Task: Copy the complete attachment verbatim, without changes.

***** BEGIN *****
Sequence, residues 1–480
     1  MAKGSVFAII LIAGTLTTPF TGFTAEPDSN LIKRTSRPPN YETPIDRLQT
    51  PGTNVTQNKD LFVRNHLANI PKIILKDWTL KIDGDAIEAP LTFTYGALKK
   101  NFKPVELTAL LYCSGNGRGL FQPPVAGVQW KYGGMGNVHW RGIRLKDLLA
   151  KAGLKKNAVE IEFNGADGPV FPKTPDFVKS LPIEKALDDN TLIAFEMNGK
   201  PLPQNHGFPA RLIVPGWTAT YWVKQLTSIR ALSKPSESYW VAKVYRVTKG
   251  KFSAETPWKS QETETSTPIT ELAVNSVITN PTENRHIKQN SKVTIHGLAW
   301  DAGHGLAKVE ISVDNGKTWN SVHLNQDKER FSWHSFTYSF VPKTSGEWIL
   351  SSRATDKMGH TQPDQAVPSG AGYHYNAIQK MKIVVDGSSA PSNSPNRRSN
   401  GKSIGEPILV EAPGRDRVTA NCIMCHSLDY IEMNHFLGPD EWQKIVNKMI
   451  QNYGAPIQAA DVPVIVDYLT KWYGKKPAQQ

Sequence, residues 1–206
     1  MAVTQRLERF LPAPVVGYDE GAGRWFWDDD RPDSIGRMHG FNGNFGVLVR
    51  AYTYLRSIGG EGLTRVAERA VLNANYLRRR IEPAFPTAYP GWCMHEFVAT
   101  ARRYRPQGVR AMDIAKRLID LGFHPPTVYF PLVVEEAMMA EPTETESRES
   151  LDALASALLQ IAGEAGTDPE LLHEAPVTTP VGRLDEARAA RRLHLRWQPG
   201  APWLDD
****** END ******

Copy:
Sequence, residues 1–480
     1  MAKGSVFAII LIAGTLTTPF TGFTAEPDSN LIKRTSRPPN YETPIDRLQT
    51  PGTNVTQNKD LFVRNHLANI PKIILKDWTL KIDGDAIEAP LTFTYGALKK
   101  NFKPVELTAL LYCSGNGRGL FQPPVAGVQW KYGGMGNVHW RGIRLKDLLA
   151  KAGLKKNAVE IEFNGADGPV FPKTPDFVKS LPIEKALDDN TLIAFEMNGK
   201  PLPQNHGFPA RLIVPGWTAT YWVKQLTSIR ALSKPSESYW VAKVYRVTKG
   251  KFSAETPWKS QETETSTPIT ELAVNSVITN PTENRHIKQN SKVTIHGLAW
   301  DAGHGLAKVE ISVDNGKTWN SVHLNQDKER FSWHSFTYSF VPKTSGEWIL
   351  SSRATDKMGH TQPDQAVPSG AGYHYNAIQK MKIVVDGSSA PSNSPNRRSN
   401  GKSIGEPILV EAPGRDRVTA NCIMCHSLDY IEMNHFLGPD EWQKIVNKMI
   451  QNYGAPIQAA DVPVIVDYLT KWYGKKPAQQ

Sequence, residues 1–206
     1  MAVTQRLERF LPAPVVGYDE GAGRWFWDDD RPDSIGRMHG FNGNFGVLVR
    51  AYTYLRSIGG EGLTRVAERA VLNANYLRRR IEPAFPTAYP GWCMHEFVAT
   101  ARRYRPQGVR AMDIAKRLID LGFHPPTVYF PLVVEEAMMA EPTETESRES
   151  LDALASALLQ IAGEAGTDPE LLHEAPVTTP VGRLDEARAA RRLHLRWQPG
   201  APWLDD